TODAY | April 22, 2013
>>> back now with "today goes green," and some living walls surrounded by us on our plaza. you may be asking what is that? take a look. popping up in cities around the world like london, chicago, washington, and new york, vertical gardens called living walls are all over the place. attached to buildings, hotels, tube stations, airports, schools, and private homes.
>> the plants stay rooted into the four inches of soil.
>> they come in all different shapes and sizes. in chile, one of the largest living walls is 17,000 square feet and stands 17 stories high. but these vegetative structures don't just look pretty.
>> green walls have a number of different benefits. they conserve water, they purify the water, they purify the air, both indoors and out, and they're a great way to grow fruits and vegetables in a really small footprint.
>> environmental educator steven ritz is dedicated to bringing living walls to some of the country's roughest areas. concrete jungles where there's little room for trees and gardens.
>> plants could grow up and out off walls. isn't that kind of cool?
>> here in east harlem , he's teaching kids how to create a new kind of graffiti.
>> this is green graffiti, because we're changing landscapes, we're changing mindsets and giving kids brand-new ways to configure themselves, their community, and we're taking abandoned and underused spaces and turning them into highly productive, beautiful places.
>> and we are joined this morning by steven ritz , an educator, along with some new york city school kids who are helping us do some planting this morning. steven , good morning to you.
>> good morning.
>> tell us about these living walls . you're being helped by the center for green schools. you're really an ambassador for them. why does this help students? what do they learn?
>> well, when students get to interact with something like this, it's inspirational. it's aspirational. and where we learn matters. so when kids can come to a school and see something so inspiring, so beautiful, and literally eat off a wall in school, it changes where we learn, because buildings are a tool.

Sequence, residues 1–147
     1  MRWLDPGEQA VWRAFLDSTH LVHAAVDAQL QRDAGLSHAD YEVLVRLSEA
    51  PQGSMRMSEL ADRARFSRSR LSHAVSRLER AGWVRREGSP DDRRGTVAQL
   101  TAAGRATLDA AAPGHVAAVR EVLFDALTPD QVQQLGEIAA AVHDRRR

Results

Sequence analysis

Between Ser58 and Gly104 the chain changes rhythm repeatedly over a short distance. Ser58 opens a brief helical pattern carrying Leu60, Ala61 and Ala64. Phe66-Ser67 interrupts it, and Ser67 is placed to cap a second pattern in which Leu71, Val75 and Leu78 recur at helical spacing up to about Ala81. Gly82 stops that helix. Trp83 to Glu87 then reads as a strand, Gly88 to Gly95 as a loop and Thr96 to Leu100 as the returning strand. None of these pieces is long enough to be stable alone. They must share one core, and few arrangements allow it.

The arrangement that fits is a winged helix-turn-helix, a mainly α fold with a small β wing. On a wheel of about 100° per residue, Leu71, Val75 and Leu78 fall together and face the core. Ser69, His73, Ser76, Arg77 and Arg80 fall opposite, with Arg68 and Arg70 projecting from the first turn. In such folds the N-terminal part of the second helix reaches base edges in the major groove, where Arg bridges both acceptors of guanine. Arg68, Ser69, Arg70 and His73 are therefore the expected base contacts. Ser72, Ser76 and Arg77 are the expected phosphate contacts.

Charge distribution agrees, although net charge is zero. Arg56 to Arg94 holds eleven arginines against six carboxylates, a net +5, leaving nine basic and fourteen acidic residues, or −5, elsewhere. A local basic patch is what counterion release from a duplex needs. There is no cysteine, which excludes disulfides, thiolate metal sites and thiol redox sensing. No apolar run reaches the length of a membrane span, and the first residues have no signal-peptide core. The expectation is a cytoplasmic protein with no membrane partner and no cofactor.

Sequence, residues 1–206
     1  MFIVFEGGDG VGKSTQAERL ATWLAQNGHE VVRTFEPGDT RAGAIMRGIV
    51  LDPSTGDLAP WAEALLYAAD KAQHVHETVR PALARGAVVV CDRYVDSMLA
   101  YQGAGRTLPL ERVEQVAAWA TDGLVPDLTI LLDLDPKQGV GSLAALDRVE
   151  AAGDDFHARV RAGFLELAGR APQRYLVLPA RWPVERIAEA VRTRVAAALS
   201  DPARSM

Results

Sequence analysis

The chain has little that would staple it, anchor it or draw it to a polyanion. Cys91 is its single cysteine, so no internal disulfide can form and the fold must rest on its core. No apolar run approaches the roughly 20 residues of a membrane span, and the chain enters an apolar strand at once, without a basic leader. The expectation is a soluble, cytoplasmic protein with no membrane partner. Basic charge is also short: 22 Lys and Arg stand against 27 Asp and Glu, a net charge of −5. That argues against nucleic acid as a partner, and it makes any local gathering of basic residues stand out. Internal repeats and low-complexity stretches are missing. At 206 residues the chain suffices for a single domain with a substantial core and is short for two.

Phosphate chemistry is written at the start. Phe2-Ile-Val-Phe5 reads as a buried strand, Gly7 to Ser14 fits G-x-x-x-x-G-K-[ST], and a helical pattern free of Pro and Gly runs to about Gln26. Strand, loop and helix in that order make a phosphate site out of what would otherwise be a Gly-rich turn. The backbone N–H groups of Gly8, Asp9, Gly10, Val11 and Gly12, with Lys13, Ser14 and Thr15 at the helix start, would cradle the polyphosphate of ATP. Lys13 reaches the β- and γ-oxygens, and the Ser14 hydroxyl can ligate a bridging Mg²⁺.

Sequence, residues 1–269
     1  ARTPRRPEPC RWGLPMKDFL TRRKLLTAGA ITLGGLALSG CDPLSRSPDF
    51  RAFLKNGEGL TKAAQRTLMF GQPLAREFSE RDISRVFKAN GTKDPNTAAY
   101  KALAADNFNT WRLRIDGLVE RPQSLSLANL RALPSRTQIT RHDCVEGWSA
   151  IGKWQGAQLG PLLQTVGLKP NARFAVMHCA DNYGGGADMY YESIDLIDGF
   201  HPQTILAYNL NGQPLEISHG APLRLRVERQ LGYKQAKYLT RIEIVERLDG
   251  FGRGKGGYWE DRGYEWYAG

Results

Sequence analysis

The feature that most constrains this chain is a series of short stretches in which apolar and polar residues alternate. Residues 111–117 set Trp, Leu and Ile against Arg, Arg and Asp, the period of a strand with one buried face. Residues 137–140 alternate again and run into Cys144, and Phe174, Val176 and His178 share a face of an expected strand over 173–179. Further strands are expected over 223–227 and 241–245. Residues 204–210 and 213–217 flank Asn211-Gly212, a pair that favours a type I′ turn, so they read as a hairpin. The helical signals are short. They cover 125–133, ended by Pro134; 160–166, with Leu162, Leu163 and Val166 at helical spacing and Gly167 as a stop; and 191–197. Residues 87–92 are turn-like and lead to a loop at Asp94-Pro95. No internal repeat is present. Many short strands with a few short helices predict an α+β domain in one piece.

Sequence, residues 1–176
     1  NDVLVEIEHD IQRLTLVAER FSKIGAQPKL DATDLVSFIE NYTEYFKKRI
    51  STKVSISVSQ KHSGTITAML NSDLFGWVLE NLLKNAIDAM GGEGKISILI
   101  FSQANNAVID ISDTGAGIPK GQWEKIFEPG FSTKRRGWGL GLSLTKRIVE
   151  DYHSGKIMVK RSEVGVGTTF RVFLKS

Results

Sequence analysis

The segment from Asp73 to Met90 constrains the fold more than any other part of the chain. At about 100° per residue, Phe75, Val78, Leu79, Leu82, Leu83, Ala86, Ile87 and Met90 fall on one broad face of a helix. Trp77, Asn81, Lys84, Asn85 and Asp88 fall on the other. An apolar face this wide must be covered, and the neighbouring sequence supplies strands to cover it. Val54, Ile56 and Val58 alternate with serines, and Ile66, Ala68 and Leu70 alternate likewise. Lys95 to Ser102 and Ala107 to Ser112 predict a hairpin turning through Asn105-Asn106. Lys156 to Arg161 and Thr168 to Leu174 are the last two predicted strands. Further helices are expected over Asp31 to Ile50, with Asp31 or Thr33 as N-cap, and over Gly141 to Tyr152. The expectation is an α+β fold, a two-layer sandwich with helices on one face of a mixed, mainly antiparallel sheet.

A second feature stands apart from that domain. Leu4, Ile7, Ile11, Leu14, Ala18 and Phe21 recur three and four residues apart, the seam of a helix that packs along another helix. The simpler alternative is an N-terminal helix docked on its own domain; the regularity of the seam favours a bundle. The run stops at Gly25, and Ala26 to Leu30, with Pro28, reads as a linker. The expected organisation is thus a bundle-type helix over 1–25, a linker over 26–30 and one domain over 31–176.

>> there's multiple levels to this. you mentioned just a couple of them. for one thing, they're learning about healthy eating. and don't they sometimes eat what we're growing here?
>> well, in one of my programs, we grow enough food to feed 450 people. that's a game-changer. i myself have just lost 100 pounds, but my kids are losing weight. when they see it and they grow it, they eat it. and where they learn matters. and they realize that they can change behaviors, mindsets, landscapes, classrooms. it's really been a transformational tool.
>> your classroom is actually in the bronx, and sometimes in harlem. what does it mean to have this beautiful greening of what sometimes can feel like a concrete jungle ?
>> well, for some of us, we do live in a concrete jungle . but when you can put 100, 200, 300 plants indoors, in a classroom year round, kids learn to nurture. when they learn about nurture, they learn about nature. when they learn about nature, they aspire to things they had never imagined before. i call it stem plus a for art, aspiration, and advocacy.
>> obviously it's great for kids, but a lot of people are thinking these are beautiful. is this hard to pull off, these kinds of living gardens?
>> well, these guys started this morning and look what we've got. we put them up there and people teaching mr. roker this morning. it's really easy. i think farming outdoors is hard. but this is -- it's inclusive. we have kids who can't always be outside for environmental reasons. some kids who are allergic to sun. here we can farm all yearlong, indoors, in a classroom. and that to me is truly inspirational.
>> it really is inspirational, and beautiful. i should mention the center for green schools is going to be donating these walls that we're working on to various new york city public schools .
>> i'm thrilled about that.
>> steven ritz , it's great to meet you.